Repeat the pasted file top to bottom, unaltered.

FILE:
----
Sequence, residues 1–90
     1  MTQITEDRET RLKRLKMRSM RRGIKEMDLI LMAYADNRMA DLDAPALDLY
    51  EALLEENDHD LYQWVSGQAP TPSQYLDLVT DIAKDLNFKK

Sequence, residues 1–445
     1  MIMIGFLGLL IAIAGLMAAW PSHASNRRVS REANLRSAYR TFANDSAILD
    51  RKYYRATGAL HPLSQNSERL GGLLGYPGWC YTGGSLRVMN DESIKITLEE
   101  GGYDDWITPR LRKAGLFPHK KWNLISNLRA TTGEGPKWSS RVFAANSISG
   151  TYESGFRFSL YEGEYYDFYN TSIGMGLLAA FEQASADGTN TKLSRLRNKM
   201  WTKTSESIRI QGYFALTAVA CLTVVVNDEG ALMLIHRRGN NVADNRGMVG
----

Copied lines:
Sequence, residues 1–90
     1  MTQITEDRET RLKRLKMRSM RRGIKEMDLI LMAYADNRMA DLDAPALDLY
    51  EALLEENDHD LYQWVSGQAP TPSQYLDLVT DIAKDLNFKK

Sequence, residues 1–445
     1  MIMIGFLGLL IAIAGLMAAW PSHASNRRVS REANLRSAYR TFANDSAILD
    51  RKYYRATGAL HPLSQNSERL GGLLGYPGWC YTGGSLRVMN DESIKITLEE
   101  GGYDDWITPR LRKAGLFPHK KWNLISNLRA TTGEGPKWSS RVFAANSISG
   151  TYESGFRFSL YEGEYYDFYN TSIGMGLLAA FEQASADGTN TKLSRLRNKM
   201  WTKTSESIRI QGYFALTAVA CLTVVVNDEG ALMLIHRRGN NVADNRGMVG